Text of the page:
The roofscape of the new library is a lively and playful reinterpretation of the surrounding College’s gabled roofs, not only in terms of form but also materiality. The Cross Laminated Timber (CLT) roof ‘lanterns’ define the exterior and interior of the structure giving the building its unique and bold character.
The CLT roof lanterns are square in plan and are formed by 2 pitched roofs intersecting at right angles to each other. The lanterns are supported in the corners at the bottom of each valley by bespoke steel connectors (image a). This detail was conceived by consulting engineers Smith and Wallwork and further developed and optimized for manufacture and assembly by Eurban. Such collaboration between the consultants at the design phase as well as during the construction phase was key to the success of the project.
The square roof lanterns allow light to penetrate the entire building. The 4 sides of the 12 lanterns are fitted with glazing, so natural light from each orientation filters into the space. The roof lanterns, in combination with light wells connecting the 3 levels, result in a light filled space even at the centre of the library’s relatively deep plan. Shafts of light animate the interiors throughout the day, from sun rise to sun set.
Eurban were responsible for assembling all the structural timber elements. A total of 4 site visits were required for each level of the building and the oak window frames. The first floor glulam beams and CLT floor panels were installed in 1 week in the summer of 2019, then Cocksedge carried on building the brick walls and structural piers. Eurban returned 2 months later to install the second floor which took about 3 weeks. After another month the team returned again to install the 12 roof lanterns. This last installation was the longest and most complex part of the site assembly and took 6 weeks, just before Christmas 2019.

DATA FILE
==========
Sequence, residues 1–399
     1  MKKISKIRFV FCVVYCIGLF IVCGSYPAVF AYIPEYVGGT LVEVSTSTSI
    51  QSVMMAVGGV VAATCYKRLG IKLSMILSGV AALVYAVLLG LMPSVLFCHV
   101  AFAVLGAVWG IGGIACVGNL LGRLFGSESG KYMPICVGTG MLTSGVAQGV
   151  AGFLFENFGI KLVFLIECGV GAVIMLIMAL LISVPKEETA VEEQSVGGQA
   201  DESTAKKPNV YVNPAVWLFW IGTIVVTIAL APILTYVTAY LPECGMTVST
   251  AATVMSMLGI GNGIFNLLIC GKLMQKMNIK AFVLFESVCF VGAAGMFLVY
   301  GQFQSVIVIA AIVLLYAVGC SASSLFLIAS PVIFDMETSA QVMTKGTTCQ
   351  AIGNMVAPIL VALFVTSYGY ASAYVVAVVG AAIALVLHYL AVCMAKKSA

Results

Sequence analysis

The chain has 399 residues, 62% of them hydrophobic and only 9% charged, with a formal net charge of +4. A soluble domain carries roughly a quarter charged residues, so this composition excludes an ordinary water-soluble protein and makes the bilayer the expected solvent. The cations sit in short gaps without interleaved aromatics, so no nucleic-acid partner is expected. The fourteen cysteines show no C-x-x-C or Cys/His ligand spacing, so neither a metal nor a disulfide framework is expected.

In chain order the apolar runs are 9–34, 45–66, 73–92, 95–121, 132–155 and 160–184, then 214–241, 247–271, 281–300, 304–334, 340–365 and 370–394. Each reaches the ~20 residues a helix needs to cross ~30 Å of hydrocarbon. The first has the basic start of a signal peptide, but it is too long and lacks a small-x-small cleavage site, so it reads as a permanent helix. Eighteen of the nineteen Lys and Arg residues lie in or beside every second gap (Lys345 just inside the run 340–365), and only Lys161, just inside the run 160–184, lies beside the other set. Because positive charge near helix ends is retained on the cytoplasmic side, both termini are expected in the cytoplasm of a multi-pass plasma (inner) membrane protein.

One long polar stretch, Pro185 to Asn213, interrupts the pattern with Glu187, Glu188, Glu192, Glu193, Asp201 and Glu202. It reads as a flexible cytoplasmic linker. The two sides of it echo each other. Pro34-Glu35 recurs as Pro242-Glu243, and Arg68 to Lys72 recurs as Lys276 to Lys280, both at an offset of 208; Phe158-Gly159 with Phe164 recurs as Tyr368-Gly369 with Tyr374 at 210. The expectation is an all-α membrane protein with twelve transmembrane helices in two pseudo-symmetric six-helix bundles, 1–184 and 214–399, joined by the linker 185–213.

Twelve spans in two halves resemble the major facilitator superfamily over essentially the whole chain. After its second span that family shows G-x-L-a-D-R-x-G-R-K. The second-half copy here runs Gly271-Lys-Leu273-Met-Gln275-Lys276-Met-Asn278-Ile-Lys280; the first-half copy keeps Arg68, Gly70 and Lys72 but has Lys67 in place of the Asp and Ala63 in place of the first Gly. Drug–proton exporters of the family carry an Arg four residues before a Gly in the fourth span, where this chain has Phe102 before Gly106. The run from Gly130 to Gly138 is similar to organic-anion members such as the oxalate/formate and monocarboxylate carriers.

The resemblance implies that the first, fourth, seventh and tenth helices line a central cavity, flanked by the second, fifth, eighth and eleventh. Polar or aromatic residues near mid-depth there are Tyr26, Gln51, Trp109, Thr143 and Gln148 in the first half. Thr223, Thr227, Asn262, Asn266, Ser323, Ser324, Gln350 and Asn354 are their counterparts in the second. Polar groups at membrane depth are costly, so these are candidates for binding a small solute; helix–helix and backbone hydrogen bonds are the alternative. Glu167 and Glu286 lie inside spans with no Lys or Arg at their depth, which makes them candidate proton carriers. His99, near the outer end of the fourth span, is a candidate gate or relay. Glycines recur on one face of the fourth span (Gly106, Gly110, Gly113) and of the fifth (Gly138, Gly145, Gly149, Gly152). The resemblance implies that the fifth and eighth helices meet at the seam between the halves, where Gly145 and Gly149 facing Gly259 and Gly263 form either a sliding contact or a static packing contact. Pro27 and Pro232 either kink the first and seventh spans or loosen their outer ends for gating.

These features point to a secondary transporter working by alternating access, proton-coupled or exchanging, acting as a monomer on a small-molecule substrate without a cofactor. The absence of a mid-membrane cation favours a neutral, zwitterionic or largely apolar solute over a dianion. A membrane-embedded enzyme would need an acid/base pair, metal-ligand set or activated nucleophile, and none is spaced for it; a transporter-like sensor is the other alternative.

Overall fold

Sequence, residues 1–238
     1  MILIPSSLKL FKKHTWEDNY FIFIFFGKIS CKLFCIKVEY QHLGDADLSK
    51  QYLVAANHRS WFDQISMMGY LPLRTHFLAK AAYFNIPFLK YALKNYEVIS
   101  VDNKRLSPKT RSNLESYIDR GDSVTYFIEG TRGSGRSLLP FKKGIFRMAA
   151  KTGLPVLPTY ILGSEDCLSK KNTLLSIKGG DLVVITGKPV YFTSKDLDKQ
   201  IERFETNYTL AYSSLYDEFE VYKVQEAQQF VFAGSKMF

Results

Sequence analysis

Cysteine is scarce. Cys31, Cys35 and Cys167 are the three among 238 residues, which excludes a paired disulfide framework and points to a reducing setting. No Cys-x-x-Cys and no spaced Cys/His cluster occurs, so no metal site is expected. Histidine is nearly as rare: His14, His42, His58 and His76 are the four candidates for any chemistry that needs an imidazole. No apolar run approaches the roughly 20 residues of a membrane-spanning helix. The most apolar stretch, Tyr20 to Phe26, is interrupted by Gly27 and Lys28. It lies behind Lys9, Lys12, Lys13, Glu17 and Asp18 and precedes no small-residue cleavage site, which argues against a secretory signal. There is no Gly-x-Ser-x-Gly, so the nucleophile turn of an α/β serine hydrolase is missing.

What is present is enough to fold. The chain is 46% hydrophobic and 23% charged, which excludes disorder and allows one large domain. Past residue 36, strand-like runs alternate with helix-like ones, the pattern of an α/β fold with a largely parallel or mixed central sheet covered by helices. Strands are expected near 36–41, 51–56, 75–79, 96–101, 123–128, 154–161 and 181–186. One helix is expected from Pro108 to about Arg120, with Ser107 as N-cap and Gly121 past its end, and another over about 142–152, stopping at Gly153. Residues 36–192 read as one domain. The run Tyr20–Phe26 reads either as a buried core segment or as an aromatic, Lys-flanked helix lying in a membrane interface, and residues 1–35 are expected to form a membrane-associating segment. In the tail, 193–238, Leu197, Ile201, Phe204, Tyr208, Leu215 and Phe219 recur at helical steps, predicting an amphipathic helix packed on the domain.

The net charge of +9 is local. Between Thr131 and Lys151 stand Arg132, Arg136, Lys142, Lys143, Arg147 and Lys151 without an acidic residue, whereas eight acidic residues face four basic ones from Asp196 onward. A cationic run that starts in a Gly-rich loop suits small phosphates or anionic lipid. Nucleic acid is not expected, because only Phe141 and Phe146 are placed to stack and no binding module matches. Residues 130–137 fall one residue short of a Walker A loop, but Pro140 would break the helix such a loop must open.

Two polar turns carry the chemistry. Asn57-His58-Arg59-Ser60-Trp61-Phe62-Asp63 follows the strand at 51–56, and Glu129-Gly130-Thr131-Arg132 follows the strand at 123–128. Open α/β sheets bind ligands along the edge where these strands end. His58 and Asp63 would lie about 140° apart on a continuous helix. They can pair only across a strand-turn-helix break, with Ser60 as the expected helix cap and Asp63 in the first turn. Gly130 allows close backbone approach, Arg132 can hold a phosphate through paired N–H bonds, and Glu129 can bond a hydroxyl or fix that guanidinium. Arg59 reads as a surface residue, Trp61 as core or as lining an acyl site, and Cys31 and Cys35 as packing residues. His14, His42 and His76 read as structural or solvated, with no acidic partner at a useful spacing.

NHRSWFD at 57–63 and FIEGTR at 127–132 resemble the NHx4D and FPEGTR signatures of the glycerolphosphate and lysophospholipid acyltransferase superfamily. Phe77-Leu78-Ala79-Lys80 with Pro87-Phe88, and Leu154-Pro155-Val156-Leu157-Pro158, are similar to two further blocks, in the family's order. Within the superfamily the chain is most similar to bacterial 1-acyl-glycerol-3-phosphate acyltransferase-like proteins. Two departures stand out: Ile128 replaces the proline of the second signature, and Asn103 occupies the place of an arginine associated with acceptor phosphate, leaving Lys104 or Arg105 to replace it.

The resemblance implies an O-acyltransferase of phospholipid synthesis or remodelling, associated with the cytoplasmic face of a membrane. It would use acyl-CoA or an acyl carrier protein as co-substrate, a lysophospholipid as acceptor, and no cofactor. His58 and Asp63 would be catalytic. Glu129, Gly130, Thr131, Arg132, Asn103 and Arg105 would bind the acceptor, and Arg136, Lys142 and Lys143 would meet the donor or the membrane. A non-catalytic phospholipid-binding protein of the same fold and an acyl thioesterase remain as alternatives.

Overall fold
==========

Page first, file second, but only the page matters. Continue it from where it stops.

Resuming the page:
Eurban proposed to use two jigs for the roof lantern construction developing a flying factory delivery model to improve health and safety conditions on site while improving quality and speed of construction.
The project utilised two main sources of timber, with 149m3 of oak and spruce for glulam coming from Switzerland and 180m3 of spruce for CLT coming from Austria. All timber utilised PEFC certification to ensure a sustainable supply of timber. To put this into context, the Swiss forest covers one third of the country’s area, with an overall stock of 422 million m3 of wood standing. The yearly growth is estimated at 10.4 million m3, while only 5.2 million m3 is harvested for timber.
This means the timber from Switzerland used in the project will only take 7.5 minutes to grow back, while it locks in 109 tonnes of CO2 over its lifetime. The Austrian growth rate is similarly vast, with an annual growth of 30.4 million m3, meaning the timber used for the CLT will grow back in just 1 minute on a summer’s day.
Client: Magdalene College Cambridge
Architects: Niall McLauglin Architects
Engineers: Smith and Wallwork
Timber Engineers and Specialist Installers: Eurban
Suppliers (Glulam and Oak window frames: n’H International Ltd
Suppliers (CLT): Stora Enso